Friday, September 19, 2014

Music World Mourns 'Mandolin Srinivas' Demise

Celebrated Carnatic music legend and pioneer in the use of the mandolin in Indian classical music, U. Srinivas, also popularly recognized as 'Mandolin Srinivas' passed away at the young age of 45 in a Chennai hospital.

Mourning his death Prime Minister of India Narendra Modi in his condolence message said, “Mandolin maestro's U. Srinivas dedication and long-standing contribution towards music will always be remembered for generations”. 

Listen to Mandolin U. Srinivas Songs on Raaga.com

The tragic news of U. Srinivas sent shock waves in the music world. Bharat Ratna and Nightingale of Indian Music, Lata Mangeshkar tweeted, “I was deeply grieved listening the death of Mandolin maestro's U. Srinivas’s death. He was a child prodigy.” She added, “I had the privilege of listening him play mandolin when he was merely 13 or 14 year old on TV. He was truly gifted because playing mandolin so brilliantly at such a tender age is no child’s play. May his soul rest in peace.” 

Courteous, soft-spoken, unassuming, Srinivas was a simply man and let his mandolin do the talking. Music wizard A. R. Rahman stunned at the demise of mandolin genius in his tweet wrote, "Emotionally shaken to hear of Carnatic shining star Mandolin Shrinivasji's demise... May God bless him with happiness in the next world..."

Yet another music maestro Zakir Hussain, famed Tabla player pained at the loss of Srinivas tweeted, "Today mother India cries, today a part of Indian music died and we are orphaned, RIP my dear brother Mandolin Srinivas."

Born on Feb 28, 1969 in Palakolu, Andhra Pradesh, Srinivas was a child prodigy. He picked up his father's mandolin at the age of six and started playing it. He made his first public performance at the age of 9 when he played at the Thyagaraja Aradhana Festival in Gudivada. Since then, he performed at several music festivals, both nationally and internationally.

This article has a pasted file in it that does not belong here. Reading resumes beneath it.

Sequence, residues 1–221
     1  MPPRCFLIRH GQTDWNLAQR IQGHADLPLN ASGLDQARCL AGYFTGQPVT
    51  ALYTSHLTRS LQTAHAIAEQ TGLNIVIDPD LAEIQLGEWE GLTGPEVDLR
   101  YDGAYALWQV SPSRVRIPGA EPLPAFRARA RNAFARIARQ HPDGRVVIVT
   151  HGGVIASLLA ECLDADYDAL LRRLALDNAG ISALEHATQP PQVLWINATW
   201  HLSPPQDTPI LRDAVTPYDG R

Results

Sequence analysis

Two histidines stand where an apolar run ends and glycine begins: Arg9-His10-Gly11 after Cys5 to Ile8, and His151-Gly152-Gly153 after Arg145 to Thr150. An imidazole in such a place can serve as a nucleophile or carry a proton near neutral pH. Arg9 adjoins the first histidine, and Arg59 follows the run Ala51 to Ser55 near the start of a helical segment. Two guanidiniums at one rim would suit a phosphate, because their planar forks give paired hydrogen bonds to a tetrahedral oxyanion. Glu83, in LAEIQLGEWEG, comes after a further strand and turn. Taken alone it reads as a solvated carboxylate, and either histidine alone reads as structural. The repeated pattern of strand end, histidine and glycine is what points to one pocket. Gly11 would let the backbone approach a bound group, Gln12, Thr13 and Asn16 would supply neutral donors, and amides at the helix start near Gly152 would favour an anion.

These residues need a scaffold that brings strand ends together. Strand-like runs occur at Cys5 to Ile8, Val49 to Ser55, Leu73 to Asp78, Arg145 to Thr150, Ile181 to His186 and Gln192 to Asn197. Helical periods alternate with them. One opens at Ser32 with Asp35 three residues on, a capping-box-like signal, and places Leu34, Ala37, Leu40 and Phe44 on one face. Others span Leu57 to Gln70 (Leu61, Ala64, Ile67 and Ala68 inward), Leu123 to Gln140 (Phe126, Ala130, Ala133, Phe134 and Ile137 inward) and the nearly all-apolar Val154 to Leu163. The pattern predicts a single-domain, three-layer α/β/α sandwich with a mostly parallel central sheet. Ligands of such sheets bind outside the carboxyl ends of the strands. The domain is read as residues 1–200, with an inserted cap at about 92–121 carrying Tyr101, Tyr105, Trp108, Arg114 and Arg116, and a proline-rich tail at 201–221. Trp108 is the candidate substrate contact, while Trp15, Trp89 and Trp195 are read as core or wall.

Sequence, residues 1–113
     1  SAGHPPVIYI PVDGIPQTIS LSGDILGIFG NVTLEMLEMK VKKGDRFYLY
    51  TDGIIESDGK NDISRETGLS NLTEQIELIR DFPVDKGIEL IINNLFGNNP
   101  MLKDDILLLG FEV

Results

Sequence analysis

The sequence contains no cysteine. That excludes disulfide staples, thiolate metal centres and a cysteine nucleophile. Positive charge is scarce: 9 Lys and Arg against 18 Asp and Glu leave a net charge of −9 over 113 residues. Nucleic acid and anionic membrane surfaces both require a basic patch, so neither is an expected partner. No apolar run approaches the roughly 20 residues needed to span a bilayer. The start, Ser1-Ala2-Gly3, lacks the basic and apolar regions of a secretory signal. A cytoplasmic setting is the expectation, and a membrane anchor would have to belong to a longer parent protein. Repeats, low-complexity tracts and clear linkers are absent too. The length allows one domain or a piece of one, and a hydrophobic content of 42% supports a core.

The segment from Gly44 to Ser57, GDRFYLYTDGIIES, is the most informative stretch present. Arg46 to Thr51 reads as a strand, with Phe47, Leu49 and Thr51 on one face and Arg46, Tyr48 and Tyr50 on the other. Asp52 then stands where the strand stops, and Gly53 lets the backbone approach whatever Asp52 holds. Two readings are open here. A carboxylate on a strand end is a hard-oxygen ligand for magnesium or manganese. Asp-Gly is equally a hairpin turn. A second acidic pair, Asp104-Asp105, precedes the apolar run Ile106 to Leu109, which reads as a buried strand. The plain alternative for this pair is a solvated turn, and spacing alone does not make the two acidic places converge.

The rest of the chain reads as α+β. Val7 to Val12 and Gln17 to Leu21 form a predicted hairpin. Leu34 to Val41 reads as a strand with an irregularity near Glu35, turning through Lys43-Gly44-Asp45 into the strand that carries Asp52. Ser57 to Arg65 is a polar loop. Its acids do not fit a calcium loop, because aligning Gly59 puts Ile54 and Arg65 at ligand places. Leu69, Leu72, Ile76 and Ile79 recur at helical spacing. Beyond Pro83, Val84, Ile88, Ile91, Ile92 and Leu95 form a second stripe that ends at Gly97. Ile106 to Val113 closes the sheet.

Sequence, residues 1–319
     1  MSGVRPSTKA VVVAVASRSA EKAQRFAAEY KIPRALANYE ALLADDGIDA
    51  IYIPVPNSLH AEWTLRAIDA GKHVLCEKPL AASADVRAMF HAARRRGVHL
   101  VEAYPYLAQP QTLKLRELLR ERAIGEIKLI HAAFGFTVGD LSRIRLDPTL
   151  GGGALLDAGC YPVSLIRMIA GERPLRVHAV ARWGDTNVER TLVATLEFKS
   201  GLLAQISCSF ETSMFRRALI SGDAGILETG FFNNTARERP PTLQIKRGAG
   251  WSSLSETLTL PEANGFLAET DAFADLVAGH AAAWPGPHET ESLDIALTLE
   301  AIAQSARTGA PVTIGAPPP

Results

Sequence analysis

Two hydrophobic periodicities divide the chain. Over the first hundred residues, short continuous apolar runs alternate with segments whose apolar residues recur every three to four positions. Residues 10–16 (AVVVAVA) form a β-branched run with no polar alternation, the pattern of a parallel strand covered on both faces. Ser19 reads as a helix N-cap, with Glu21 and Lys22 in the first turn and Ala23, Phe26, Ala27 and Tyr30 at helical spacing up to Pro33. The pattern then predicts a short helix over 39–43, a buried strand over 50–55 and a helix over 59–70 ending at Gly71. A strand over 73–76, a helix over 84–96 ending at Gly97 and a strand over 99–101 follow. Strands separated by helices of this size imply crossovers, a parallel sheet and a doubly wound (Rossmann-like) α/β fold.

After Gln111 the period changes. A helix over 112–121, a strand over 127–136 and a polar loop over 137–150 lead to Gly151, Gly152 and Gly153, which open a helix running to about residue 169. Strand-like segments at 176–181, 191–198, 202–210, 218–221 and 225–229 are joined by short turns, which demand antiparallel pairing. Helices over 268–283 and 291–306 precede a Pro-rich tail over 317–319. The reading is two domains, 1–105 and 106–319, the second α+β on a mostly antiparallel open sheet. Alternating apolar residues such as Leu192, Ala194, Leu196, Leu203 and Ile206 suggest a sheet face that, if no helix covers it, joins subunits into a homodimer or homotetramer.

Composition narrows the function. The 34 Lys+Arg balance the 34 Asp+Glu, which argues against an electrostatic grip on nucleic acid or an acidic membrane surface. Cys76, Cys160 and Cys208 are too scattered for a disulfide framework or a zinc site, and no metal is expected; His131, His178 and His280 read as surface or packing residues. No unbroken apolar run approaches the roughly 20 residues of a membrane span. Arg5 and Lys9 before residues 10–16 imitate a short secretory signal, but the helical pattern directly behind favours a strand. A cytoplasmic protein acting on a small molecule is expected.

In his long career, he played with Indian greats artists such as Hariprasad Chaurasia and Zakir Hussain, while also collaborating with world music greats like John McLaughlin, Michael Brook, Trey Gunn, Nigel Kennedy, Nana Vasconcelos, and Michael Nyman.

In 1998, he was honoured with the Padma Shri award. He was also nominated for the Padma Bhushan but "grumbled" to his friends that he was not at all interested in the award race. Later in 2010, he was honoured with Sangeet Natak Academy Award.

Few may know that Srinivas was a favourite of the late Tamil Nadu chief minister, MG Ramachandran, who had first heard him perform at a wedding. "When MGR entered, someone told Srinivas to stop playing. But MGR came to the stage and told Srinivas to continue. He then instructed his attendants to make sure Srinivas played at all AIADMK party functions

Whose Expression Amitabh Bachchan Cannot Replicate?

Amitabh Bachchan, Star of Millennium has portrayed every emotions on the screen be it the famous angry man in DEEWAAR, the tragic doctor in ANAND, the fulfilled English Professor in CHUPKE CHUPKE, the happy go lucky street man in AMAR AKBAR ANTHONY, as village bumpkin in Don, as a don in AGNEEPATH, the mentally retarded yet witty 12-year-old boy with an extremely rare genetic disorder called progeria in PAA or the Alzheimer's disease infected ex teacher of Rani Mukerjee in BLACK. In nutshell, Bachchan is an all round actor which even the thespian Dilip Kumar concurs as he quotes, ‘Amitabh Bachchan is truly a complete actor.”

Listen to Amitabh Bachchan Songs on Raaga.com

However readers would be surprised to read that the actor in his blog has recently acknowledged that there is one person whose facial expression he is unable to replicate. He says the expression of the person has left him distressed as it is impossible to imitate his expression. Readers may wonder who the person in question is? 

Well, Bachchan, in his blog informs that he happened to encounter a poor boy at the traffic signal. He writes, “I was once driving home when I saw a boy lying on the pavement looking desperately hungry and weary. I felt pity. I got down from my car and shook the boy from his sleep and gave him a packet to eat and a hundred rupee note! The boy just seized the food packet form me and the note without caring who gave him. The expression on the face of the boy left me astounded. If ever I were to be capable of recreating that expression on the face of the little one, shaken up from his drowse, I would consider myself the greatest actor in the world!”